HONG KONG (Reuters) – As Hong Kong tries to contain the coronavirus outbreak, medical experts say many in the Asian financial hub are reeling from increased anxiety and an unprecedented level of mental health issues.
FILE PHOTO: Derek Au, a 46-year-old manager at a non-profit organization, plays a board game with his wife and children at their home following an outbreak of the novel coronavirus, in Hong Kong, China February 24, 2020. Picture taken February 24, 2020. REUTERS/Aleksander Solum
The SARS-CoV-2 epidemic came after months of tumultuous anti-government protests that had already led to a sharp increase in depression and post-traumatic stress disorder (PTSD), they said.
It also touches on fears of the 2003 SARS epidemic, which killed nearly 300 people in the city.
“Hong Kong is in a unique position, due to changes to our routine, previous months of social unrest and deep memories of SARS,” said Carol Liang, an executive at Mind Hong Kong, a mental health charity in the former British colony.
A University of Hong Kong survey found that a third of adults in the special administrative region reported symptoms of PTSD, up from 2 percent in 2015, while 11 percent reported depression, up from 2 percent during the Occupy protests in 2014.
Since January, tens of thousands have been working from home, many cooped up in tiny apartments, while the stockpiling of basic food and cleaning products has become common.
Children stuck at home must grapple with online learning while many families, particularly the poor, are unable to get protective gear.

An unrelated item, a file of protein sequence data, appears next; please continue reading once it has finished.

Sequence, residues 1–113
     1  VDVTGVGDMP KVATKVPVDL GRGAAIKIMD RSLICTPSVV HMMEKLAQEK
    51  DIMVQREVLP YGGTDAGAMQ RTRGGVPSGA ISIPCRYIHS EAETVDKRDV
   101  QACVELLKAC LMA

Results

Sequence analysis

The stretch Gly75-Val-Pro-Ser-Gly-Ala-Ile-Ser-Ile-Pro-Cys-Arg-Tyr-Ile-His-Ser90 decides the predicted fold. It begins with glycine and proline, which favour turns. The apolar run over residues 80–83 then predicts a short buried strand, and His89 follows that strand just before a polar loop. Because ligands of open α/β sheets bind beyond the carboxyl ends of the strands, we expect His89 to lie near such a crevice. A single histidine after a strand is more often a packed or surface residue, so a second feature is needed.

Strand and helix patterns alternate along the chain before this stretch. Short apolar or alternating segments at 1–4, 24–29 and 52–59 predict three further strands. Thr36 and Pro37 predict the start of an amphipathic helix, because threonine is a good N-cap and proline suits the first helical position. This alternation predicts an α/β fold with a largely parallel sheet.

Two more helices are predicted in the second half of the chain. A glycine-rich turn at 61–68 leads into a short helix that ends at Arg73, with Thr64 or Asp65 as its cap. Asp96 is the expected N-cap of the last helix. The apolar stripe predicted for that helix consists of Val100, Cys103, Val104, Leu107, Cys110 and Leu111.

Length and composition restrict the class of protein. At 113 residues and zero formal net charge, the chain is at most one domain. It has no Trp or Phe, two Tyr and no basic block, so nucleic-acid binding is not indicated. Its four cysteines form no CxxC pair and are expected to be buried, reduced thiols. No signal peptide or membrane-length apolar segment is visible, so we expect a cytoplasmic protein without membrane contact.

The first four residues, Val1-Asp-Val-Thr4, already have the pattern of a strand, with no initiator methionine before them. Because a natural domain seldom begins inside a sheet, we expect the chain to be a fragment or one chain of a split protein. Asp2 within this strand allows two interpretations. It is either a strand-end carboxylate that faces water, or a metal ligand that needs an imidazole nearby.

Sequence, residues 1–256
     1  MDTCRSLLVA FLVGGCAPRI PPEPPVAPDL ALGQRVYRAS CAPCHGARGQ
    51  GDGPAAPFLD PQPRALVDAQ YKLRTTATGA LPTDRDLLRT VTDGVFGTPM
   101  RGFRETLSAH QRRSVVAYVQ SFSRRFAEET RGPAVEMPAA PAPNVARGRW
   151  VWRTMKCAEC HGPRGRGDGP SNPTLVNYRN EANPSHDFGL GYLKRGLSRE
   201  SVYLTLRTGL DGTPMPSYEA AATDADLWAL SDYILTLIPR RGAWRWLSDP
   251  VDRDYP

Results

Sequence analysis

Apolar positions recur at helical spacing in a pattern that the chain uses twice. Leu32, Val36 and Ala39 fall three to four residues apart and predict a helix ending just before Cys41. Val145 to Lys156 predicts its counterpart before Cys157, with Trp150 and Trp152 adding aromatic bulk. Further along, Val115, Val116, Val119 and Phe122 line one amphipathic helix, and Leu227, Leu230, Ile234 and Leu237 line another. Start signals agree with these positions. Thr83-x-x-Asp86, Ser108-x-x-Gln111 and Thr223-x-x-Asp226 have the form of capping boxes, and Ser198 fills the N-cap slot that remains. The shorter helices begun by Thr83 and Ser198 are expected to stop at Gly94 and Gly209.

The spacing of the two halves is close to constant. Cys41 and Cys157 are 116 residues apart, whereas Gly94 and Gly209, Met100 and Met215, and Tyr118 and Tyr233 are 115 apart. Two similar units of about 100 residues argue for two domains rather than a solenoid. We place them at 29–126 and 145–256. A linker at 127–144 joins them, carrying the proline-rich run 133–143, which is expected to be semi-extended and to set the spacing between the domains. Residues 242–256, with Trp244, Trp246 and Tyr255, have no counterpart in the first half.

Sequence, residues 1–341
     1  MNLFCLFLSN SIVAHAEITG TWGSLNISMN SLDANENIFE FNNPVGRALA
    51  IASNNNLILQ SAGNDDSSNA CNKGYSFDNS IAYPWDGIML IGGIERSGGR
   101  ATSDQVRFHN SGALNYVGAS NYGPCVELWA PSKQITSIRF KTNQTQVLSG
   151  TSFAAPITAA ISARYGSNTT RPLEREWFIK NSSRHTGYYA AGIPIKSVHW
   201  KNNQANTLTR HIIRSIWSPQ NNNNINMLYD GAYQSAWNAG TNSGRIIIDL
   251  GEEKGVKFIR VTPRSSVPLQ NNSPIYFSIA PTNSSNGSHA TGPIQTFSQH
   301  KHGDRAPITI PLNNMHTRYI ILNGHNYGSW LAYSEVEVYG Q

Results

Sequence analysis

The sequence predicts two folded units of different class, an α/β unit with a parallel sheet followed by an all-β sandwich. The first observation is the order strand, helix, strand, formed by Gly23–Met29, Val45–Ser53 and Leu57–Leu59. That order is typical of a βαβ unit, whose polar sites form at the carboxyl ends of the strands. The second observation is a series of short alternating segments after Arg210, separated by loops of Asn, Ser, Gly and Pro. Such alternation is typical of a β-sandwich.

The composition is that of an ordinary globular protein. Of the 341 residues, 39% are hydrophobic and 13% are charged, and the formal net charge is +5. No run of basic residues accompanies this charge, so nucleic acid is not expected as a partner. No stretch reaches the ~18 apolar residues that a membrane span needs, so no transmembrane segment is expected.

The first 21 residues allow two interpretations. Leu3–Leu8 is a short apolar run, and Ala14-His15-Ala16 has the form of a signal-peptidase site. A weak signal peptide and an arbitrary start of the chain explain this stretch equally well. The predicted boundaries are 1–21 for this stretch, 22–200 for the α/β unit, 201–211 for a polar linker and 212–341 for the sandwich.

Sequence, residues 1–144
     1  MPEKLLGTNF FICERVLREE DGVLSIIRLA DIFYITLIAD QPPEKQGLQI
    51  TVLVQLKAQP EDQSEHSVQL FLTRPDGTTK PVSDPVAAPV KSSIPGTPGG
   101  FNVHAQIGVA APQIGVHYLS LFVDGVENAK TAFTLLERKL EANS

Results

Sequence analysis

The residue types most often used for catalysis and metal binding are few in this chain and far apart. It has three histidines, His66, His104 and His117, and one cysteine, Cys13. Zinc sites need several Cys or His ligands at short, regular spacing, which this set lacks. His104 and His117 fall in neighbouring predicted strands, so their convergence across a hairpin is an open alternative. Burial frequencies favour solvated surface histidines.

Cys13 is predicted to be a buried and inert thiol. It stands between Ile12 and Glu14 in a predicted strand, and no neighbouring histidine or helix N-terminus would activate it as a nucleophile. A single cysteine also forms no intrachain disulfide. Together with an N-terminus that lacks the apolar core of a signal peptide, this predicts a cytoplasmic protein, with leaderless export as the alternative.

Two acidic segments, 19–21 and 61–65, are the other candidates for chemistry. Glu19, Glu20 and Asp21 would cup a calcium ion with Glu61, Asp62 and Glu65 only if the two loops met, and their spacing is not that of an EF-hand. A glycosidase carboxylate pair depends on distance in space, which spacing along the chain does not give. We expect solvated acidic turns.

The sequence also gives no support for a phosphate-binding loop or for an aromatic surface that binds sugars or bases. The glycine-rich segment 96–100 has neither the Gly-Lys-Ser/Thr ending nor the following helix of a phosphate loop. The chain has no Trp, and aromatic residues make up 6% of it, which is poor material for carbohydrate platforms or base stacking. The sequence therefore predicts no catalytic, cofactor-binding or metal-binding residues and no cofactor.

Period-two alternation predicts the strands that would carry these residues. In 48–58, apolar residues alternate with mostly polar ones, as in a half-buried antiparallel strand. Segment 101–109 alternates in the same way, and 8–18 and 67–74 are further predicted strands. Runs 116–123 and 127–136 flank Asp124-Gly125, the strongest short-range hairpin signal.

“Hoarding tissue, bags of rice, are measures to cope with the anxiety rather than fulfilling needs of daily life. They are hoarding way beyond their only needs,” said Eliza Cheung, a clinical psychologist at Hong Kong Red Cross.
Hong Kong has about 100 confirmed cases of the coronavirus and has reported two deaths.
A mental health hotline the government opened in January has received about 25,000 calls, authorities said, while voluntary groups have sprung into action to help counsel people, particularly those quarantined at home.
“We have everyone calling from the entire spectrum, elderly from the nursing home to teenagers. We are just trying to hang onto each day as it is at the moment,” said Karman Leung, chief executive of Samaritans Hong Kong, a local non-governmental organization that assists people in distress.
Low-income residents have been particularly hurt by a deepening slowdown in Hong Kong’s economy, battered by protests and the Sino-U.S. trade war.
The Society for Community Organisation (SoCO), a local organization that works on poverty alleviation, said 70 percent of poor families can’t afford masks and disinfectant.
Authorities have pledged cash handouts to residents and tax breaks to businesses. Last week, the city’s finance secretary unveiled measures to allocate “sufficient resources” to help with mental health problems.
Some residents remain optimistic.
“This virus, I thought it came at a good time, where we are so divided. Hopefully it will bring us together again. Each one of us hopefully trying to fight this disease,” said Derek Au, 46, a Hong Kong resident.
(This story deletes extraneous word in paragraph seven.)
Reporting by Farah Master; additional reporting by Aleksander Solum in Hong Kong. Editing by Gerry Doyle
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